Ok so what is this all about, the word participatory comes from the work participation, so in short this is what it is all about, getting involved in your healthcare. If you don’t get involved there’s nobody going to do it for you.
We are very busy today as we have more information and decision making processes than mankind has ever faced and so goes the same for your doctor and their clinical staff. I write about many new devices on this site and this is all part of the participatory medicine. In one way or another in the upcoming future, there’s going to be a device or data report you are going to need to know about. Telehealth is moving very quickly and devices are taking the place of “in office” communications as we have known in the past.
There’s not a day that goes by where it seems I am not hearing of a “breakthrough” of some type, and yes that word is used loosely as it may be a breakthrough in an area that may not have an effect or be of interest to you, but would be of interest to someone else. I try to break down articles that somewhat appeal to all and give a general list of posts. Back on target here, read up, learn, and pay attention. All devices and data are not created equal and we have literal explosions of technology and data coming from many different directions and it is easy to get lost. The journal will also add some value with articles of interest to help keep you up to speed so you may want to bookmark the site for future reference too. BD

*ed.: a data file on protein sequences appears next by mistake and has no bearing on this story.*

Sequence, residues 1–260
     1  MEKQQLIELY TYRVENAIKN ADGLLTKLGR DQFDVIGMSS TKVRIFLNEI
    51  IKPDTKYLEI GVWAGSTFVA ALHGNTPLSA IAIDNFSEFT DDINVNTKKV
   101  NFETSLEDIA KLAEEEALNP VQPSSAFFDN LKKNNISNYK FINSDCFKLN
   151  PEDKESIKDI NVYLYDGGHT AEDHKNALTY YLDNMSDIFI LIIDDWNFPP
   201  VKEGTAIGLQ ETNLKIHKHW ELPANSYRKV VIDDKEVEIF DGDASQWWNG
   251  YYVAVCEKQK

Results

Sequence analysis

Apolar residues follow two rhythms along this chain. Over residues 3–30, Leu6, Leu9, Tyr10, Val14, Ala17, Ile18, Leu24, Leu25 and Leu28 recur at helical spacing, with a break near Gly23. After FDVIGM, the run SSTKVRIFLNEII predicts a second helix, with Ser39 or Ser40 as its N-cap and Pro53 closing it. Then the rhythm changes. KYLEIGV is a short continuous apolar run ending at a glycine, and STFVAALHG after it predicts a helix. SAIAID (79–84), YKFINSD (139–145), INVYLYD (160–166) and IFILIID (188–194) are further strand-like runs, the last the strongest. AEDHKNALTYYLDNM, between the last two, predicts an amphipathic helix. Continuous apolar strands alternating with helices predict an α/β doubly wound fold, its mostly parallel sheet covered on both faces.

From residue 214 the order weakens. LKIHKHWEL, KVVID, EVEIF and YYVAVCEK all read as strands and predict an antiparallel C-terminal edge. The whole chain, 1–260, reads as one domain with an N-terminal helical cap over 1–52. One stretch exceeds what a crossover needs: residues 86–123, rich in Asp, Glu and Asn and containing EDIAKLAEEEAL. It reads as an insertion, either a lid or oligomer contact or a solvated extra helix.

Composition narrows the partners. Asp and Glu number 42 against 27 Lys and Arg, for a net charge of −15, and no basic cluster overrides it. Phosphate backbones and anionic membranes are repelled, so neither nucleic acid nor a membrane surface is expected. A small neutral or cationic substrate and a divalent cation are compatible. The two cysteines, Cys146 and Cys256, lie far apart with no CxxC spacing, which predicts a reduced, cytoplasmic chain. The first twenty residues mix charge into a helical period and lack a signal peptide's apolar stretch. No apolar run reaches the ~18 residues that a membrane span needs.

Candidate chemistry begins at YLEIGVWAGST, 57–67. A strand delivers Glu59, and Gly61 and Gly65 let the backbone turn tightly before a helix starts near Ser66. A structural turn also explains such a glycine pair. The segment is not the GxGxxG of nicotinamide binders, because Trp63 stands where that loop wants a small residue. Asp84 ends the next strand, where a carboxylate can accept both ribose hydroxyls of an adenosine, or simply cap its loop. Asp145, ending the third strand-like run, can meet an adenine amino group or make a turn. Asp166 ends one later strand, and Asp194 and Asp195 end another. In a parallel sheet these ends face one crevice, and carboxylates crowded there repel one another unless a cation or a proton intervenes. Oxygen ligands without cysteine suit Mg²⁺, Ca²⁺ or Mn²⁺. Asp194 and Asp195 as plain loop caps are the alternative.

Why Participatory Medicine?
Summary: The job of the Journal of Participatory Medicine is to answer the question of "why participatory medicine"? It is our hypothesis that PM is good: It will lead to healthier, more empowered individuals, lower health care costs (through reduced need for health care) and a more productive, happier society overall. But that's just a hypothesis, and one we want to test rather than assert. To test it, we need both to cover news of the field and to encourage researchers and individuals to try things out and report on their efforts. So yes, we're a cheerleader and optimist..but in the end we must be a skeptical if loving critic.
One aspect of education happens in schools. What's the proper curriculum for schoolchildren about healthy living? How can we teach kids that it is normal and expected that they maintain their own health records, check out a new doctor's performance, and research their treatment choices, much as they manage other parts of their lives? Those questions bear examining and we hope to become a resource whenever people need to find the answers.
For participatory medicine to flourish, consumers will also need tools and services to find and manage their own information. These will include everything from pedometers and monitoring devices, to easy-to-use software that will enable them to record their data, analyze it, and compare it with those of others. Many companies are jumping into this market; they will need to make sure their software interoperates with other tools and services on the market. We hope that this Journal will help the best to emerge and others to improve, and will highlight evidence on which ones make a difference to individuals.